Exercise B: Making a Drum Pattern with Redrum
Redrum is one of Reason’s three drum instruments. It emulates a
drum machine: first you load a patch that provides a “kit” of ten
drum sounds; then you construct a short pattern that will cause those sounds to
play in a loop, over and over.
Before trying this yourself, watch the Drum Machine
101 with Redrum tutorial. Do not bother trying to recreate the steps in
that video. Just watch it once, to understand how Redrum works.
If you’re not a drummer, it’s a good idea to learn something about
how drum patterns work before trying to make some.
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What we’re trying to do
- Learn to recognize drum patterns in some different styles.
- Learn the basics of using Redrum.
- Construct drum patterns in several different variations and styles.
- Switch between drum patterns using the Reason Sequencer.
What to turn in
- At least two Reason “song” files, each containing one Redrum
device with at least three different patterns, stored in memory locations
A1, A2, and A3 (see below).
- Create a sequence of pattern changes that includes all three patterns
(A1, A2, and A3). Do this in the Reason Sequencer for each of your song
files. Do not put any notes in the sequence — just pattern
- Follow the submission instructions at the bottom of this page.
The tutorial that follows shows you how to use Redrum to make a basic rock drum
pattern, like that used in the Beatles’ Sgt. Pepper, discussed in
class. Then it explains how to store multiple patterns in one Redrum, create
a drum fill, and sequence your patterns. Below that are instructions for
completing the assignment.
Choosing a Drum Kit
First you create a Redrum device and load a patch, which contains ten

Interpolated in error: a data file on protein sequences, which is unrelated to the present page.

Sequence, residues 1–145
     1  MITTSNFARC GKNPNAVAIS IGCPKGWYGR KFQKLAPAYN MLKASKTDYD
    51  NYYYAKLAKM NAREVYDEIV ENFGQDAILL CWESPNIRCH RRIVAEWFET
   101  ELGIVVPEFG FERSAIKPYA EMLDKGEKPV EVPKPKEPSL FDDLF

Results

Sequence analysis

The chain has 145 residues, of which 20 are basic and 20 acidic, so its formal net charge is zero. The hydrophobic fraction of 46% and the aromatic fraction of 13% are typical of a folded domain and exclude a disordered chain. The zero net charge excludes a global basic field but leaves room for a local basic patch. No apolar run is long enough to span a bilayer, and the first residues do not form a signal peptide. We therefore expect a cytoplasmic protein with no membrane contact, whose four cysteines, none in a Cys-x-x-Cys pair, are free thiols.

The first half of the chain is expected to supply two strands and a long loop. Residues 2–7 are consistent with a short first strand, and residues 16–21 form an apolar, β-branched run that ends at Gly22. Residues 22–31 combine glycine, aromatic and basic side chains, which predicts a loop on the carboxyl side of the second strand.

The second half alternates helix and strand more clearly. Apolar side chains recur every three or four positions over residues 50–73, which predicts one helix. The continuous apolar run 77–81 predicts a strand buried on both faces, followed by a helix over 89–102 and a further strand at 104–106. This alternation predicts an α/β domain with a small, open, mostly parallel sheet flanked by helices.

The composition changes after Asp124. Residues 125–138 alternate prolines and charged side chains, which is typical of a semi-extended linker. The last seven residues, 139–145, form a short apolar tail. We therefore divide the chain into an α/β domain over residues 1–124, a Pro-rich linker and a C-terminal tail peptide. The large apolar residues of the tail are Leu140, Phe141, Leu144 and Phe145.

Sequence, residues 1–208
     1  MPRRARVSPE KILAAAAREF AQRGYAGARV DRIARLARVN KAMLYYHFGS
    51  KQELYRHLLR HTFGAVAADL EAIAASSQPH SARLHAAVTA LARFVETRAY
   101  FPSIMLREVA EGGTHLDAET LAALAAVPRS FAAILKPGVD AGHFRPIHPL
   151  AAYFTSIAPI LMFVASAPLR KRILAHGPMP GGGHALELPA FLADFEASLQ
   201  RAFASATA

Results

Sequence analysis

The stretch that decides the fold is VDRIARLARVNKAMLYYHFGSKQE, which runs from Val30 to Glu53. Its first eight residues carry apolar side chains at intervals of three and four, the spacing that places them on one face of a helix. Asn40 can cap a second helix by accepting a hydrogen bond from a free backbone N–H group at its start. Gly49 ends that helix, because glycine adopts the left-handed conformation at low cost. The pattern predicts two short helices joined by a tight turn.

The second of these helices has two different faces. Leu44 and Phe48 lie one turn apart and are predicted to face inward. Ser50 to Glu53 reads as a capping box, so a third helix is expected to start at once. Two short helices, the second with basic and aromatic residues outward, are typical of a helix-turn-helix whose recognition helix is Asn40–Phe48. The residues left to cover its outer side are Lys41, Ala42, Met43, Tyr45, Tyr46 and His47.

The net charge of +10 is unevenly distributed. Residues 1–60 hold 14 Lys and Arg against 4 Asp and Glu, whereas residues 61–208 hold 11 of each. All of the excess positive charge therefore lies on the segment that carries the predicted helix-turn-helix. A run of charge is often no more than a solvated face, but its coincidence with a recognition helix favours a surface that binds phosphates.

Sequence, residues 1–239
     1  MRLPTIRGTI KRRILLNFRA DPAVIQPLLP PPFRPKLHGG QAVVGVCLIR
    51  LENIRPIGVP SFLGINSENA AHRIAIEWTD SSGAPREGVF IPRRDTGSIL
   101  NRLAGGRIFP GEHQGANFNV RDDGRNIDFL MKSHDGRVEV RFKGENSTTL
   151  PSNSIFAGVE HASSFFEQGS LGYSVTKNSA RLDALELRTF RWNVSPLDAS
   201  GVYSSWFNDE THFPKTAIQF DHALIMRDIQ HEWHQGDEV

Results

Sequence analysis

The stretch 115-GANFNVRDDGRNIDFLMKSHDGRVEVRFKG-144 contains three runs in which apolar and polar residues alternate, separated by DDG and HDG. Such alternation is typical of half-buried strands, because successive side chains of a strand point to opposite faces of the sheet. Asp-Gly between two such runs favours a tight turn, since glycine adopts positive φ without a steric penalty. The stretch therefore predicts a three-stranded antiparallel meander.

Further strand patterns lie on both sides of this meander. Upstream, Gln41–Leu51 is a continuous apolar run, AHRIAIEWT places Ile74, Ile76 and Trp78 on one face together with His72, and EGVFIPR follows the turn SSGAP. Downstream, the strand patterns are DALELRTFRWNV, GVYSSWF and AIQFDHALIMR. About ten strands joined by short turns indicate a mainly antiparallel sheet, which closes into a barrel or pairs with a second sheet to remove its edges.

drum sounds, forming a complete kit. Each sound goes into its own drum
- Drag the Redrum Drum Computer from the Browser into the
Rack. The default drum kit, “Disco Kit RDK,”
- The Browse Patch button will be overlaid with orange, as in the
picture below, which indicates that you can use the Browser to select a
patch for this instrument. (If you don't see the orange overlay, click
the Browse Patch button so that it turns orange.)
- Open the “Rock Kits” folder. Choose the third drum kit inside
the Rock Kits folder: “Groovemasters Rock Kit 3.”
- Play the lowest note on the Korg Triton keyboard. You should hear a bass
drum sound. (If you have one of the larger, 88-key keyboards, the lowest
note is not right. Play up from this note until you find the bass drum.
It is the C two octaves below middle C.)
The other sounds in the kit can be triggered by playing a chromatic
scale (that means the white and black keys) up from that
lowest note, notes C through A.
- As you play the first note, look at the top of the first drum channel.
Notice that the white Trigger (arrow) button (circled above)
lights up yellow when you press the key. You can also play the drum
sound by simply clicking the Trigger button with your mouse.
- Note the names of the drum sounds in red at the top of each channel.
This kit includes, in order: a bass (kick) drum, three snare drums,
three toms, a closed hihat cymbal, an open hihat, and a ride cymbal.
Play through them again slowly to get familiar with the sounds and the
different types of drums.
Building a Pattern
Next you build a pattern out of the three basic types of drum: kick,
snare, and hihat.
- Set the tempo.
The Beatles’ song is at about 108 BPM (beats per minute), so set
the Reason Sequencer’s tempo to match. Double-click the BPM number
to type something new, or drag up or down on the number.
- Listen to the click, to hear the basic beat.
Press the Click button in the sequencer’s Transport Panel
(see above image), to turn on the metronome click.
Hit the space bar to let the metronome play, and count quarter notes
silently to yourself with the beats of the metronome: 1 2 3 4. Be sure
that your “1” coincides with the highest-pitched click of the
metronome, which only occurs every fourth click. This is the
Watch the changing numbers in the Transport Panel. The second number
shows the quarter note count, and so it loops, showing
“1 2 3 4” over and over.
Stop playback by pressing the spacebar again.
- The Pattern Step Sequencer
Note that the default pattern has 16 steps, and that the resolution is
set to 1/16. This means that there will be 16 sixteenth notes in the
pattern. Since there are four sixteenth notes in each quarter note, and
four quarter notes per bar, Redrum is set to make a drum pattern that is